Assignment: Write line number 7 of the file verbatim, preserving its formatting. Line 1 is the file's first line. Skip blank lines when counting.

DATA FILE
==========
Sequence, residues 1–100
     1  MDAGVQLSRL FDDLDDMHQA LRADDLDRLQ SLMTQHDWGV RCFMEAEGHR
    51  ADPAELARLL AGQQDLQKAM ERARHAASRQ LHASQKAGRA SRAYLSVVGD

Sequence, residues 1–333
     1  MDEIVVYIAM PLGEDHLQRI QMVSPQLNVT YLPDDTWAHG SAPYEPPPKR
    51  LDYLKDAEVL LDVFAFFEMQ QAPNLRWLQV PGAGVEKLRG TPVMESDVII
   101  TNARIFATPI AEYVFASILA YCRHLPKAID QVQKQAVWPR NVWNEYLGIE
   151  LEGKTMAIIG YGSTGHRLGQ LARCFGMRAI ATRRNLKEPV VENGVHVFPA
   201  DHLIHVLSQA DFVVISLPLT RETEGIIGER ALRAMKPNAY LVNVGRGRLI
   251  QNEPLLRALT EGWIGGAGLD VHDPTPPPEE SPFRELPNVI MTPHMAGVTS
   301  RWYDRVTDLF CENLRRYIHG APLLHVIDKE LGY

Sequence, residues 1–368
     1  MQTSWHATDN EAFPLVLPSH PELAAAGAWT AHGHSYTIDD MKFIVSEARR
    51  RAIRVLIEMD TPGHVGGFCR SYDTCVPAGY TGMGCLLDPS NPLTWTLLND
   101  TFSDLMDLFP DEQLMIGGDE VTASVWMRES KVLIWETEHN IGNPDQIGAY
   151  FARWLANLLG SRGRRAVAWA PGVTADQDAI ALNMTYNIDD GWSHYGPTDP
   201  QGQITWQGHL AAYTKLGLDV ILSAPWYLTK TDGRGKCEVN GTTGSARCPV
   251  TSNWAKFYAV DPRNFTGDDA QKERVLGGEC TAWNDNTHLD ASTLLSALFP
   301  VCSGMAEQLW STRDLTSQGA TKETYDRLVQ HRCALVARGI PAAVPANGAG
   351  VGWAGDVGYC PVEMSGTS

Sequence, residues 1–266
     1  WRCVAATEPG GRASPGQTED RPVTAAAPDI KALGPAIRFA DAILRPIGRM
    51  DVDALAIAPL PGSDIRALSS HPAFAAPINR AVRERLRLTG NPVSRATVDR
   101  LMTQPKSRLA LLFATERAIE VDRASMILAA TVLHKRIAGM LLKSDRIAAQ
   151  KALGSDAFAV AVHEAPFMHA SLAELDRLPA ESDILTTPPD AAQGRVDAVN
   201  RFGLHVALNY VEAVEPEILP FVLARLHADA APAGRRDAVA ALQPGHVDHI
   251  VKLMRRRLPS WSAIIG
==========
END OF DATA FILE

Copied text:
   101  TNARIFATPI AEYVFASILA YCRHLPKAID QVQKQAVWPR NVWNEYLGIE